michael, i want to real quickly talk about the first 100 days. this is president trump in an interview talking about the difficulties of this job. here's part of what he said. >> i loved my previous life. i had so many things going. i -- i actually, this is more work than in my previous life. i thought it would be easier. >> really? really, michael? he thought it would be easier? >> well, he really has given every sign that that's true. he gave an interview to the "new york times" just after the election where he said, you know, it would be quite easy for me to run the country perfectly. he's now realizing what a 24-hour-a-day backbreaking job this is. john kennedy said the problems are more difficult than i imagine them to be. kennedy had been in public life at that point for 14 years. so donald trump never having
held political office, probably not a surprise. >> from an objective standpoint here, mr. beslos, when you look at this from the first 100 days with this administration, how would characterize it? >> the biggest thing that knocks me over is i would have figured he has a republican congress, he has touted his ability to make deals, especially with people who don't agree. i never would have expected that it would be the end of these 100 days and there would not be a single piece of really consequential legislation he would have gotten through congress. that's a big surprise to me. >> rick, how surprising is it? keep in mind for folks who might have forgotten that pledgewise on day one, i will repeal and replace. >> well, look, by donald trump's own standards, he probably gets a failing grade. but i think by historical standards, he does pretty well. i would give him somewhere around a b, and that is the things that are within his
purview. he spent a lot on energy and pi pipelines and business regulation and health care regulation, even though he hasn't gotten the health care done. what he doesn't speak to is why the leaders in congress haven't gotten a room and said, what can we get done? stop swinging from the fences. let's get some base hits and then we'll get some runs in. instead they keep going for big home runs and they have come up short. >> it's really surprising wii se -- we've heard very little or seen very little about infrastructure so far. wayne lapierre, executive vice president, ceo of the nra. it was wayne lapierre, actually, that sent president george h.w. bush to the hills for a certain extent. if i remember correctly, it was a letter he had written or something that he said about federal agents? >> i think it was the time of the 1995 oklahoma city bombing, if i remember, craig, and george h.w. bush, who had had a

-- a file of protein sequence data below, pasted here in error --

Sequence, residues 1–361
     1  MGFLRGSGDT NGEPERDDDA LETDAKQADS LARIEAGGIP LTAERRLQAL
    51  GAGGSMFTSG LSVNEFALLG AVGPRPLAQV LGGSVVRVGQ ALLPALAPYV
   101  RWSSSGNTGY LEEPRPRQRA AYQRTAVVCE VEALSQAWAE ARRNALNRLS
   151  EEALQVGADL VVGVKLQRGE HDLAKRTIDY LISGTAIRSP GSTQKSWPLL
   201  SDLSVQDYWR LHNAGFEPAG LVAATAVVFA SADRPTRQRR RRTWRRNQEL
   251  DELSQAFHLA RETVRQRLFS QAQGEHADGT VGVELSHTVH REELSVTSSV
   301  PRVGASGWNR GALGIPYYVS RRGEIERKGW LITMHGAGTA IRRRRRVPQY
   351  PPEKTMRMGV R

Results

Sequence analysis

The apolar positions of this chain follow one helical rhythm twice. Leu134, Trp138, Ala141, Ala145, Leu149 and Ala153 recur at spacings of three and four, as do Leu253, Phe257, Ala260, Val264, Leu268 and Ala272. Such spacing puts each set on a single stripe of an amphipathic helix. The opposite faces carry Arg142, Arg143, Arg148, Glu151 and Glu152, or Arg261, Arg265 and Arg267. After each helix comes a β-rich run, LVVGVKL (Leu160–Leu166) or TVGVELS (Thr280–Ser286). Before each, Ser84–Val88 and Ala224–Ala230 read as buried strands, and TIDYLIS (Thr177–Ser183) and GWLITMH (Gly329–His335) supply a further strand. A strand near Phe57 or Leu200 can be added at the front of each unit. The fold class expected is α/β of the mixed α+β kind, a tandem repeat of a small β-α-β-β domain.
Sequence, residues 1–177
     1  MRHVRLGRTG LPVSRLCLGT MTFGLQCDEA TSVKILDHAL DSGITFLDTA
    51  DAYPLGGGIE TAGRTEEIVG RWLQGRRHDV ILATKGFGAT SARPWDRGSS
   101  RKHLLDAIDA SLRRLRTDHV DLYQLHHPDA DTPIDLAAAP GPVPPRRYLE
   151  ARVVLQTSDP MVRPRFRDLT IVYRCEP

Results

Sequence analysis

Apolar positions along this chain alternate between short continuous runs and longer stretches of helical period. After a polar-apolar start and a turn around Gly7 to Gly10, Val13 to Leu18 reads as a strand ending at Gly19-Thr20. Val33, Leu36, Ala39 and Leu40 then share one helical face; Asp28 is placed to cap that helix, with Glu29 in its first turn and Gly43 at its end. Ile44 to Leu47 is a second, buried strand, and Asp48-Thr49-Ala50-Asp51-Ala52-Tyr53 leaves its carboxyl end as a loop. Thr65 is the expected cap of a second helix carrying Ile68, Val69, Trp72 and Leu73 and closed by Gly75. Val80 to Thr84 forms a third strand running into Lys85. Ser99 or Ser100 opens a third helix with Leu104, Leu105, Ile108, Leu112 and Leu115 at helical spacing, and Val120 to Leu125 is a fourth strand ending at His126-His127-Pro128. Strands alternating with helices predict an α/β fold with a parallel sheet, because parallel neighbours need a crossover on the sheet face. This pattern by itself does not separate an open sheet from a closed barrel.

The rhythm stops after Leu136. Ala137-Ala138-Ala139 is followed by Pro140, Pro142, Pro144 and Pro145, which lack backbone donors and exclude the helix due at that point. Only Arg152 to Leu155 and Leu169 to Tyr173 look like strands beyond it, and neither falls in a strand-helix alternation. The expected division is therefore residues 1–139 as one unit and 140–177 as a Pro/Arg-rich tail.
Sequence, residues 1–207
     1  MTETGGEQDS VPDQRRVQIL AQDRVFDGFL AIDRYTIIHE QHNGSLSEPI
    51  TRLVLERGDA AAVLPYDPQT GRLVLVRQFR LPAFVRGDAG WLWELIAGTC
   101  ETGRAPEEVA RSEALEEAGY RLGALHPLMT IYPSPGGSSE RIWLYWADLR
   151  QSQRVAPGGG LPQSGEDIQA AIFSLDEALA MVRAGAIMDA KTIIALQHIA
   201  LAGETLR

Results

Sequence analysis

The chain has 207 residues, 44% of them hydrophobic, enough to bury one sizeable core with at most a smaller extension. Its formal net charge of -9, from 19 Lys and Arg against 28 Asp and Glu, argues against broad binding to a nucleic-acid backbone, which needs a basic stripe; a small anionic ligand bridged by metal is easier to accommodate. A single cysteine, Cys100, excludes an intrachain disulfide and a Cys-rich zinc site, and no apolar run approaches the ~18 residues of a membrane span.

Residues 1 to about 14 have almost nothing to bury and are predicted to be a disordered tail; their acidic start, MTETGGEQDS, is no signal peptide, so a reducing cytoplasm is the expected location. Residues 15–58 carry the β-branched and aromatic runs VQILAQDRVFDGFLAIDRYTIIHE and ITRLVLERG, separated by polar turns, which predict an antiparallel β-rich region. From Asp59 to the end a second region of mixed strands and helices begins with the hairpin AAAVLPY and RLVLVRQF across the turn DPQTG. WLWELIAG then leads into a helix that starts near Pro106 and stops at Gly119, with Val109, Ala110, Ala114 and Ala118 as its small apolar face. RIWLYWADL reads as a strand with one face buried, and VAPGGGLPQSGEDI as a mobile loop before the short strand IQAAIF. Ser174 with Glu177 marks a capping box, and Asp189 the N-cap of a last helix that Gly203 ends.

friendly relationship with the nra, said that this is really beyond -- this is my language, not his -- my ability to sort of hang with you, and that was the time that he parted company. >> we're having this conversation and a lot of folks paying attention to what's happening at the united nations, the talk from rex tillerson, the talk from president trump in that interview where he had a dire warning. this is what was said in that same interview that president trump had. here's what he said about north korea. >> there's a chance that we could end up having a major, major conflict with north korea. absolutely. >> is this shaping up to be the first critical test of the trump foreign policy? >> absolutely. and it was the first critical test for past presidents as well. they always test new presidents to see what's going to happen. and, look, how he manages this is -- will echo through his
presidency for years. i think it's odd for us to have a president who speaks so freely about the risks. usually it's cloaked in euphimisms and indirection, and the president speaks very bluntly about these things, perhaps too bluntly, and how he handles the nuclear program for north korea, it's been a problem for the last three presidents. it's going to be his problem now. >> has the first 100 days been what you expected, more than what you expected, less than what you expected? >> it's less. honestly, i started as a reporter in the bush years, pretty much, the end of the clinton administration in the bush years. in the bush years, there was much more of a lockstep approach on the hill on tax cuts for republicans. they got a lot done by being unified. i think what we're seeing right now with trump in congress is a product of all the divisions that they have written about and reported on in the last year or two. the fact that trump is a
different kind of president with a different agenda, the hill and republicans have a different agenda, and it's not as difficult as it looks. we're seeing the policy and substance on display and the difficulty in moving things, as well as the basic problem that the trump guys came into office not being quite prepared to win. >> nick, rick tyler, and michael on this friday afternoon. a big thanks to all of you for joining me. again, we are just moments away from president trump's address here in atlanta, georgia. 80,000 have gathered to hear the president address the national rifle association. that brings us to our microsoft polls question unrelated to what we've been talking about, but our question nonetheless. former president obama has been criticized by a lot of folks for taking in $400,000 for a wall street-sponsored speech. should he accept big fees for corporate speeches? that's our polls question todul.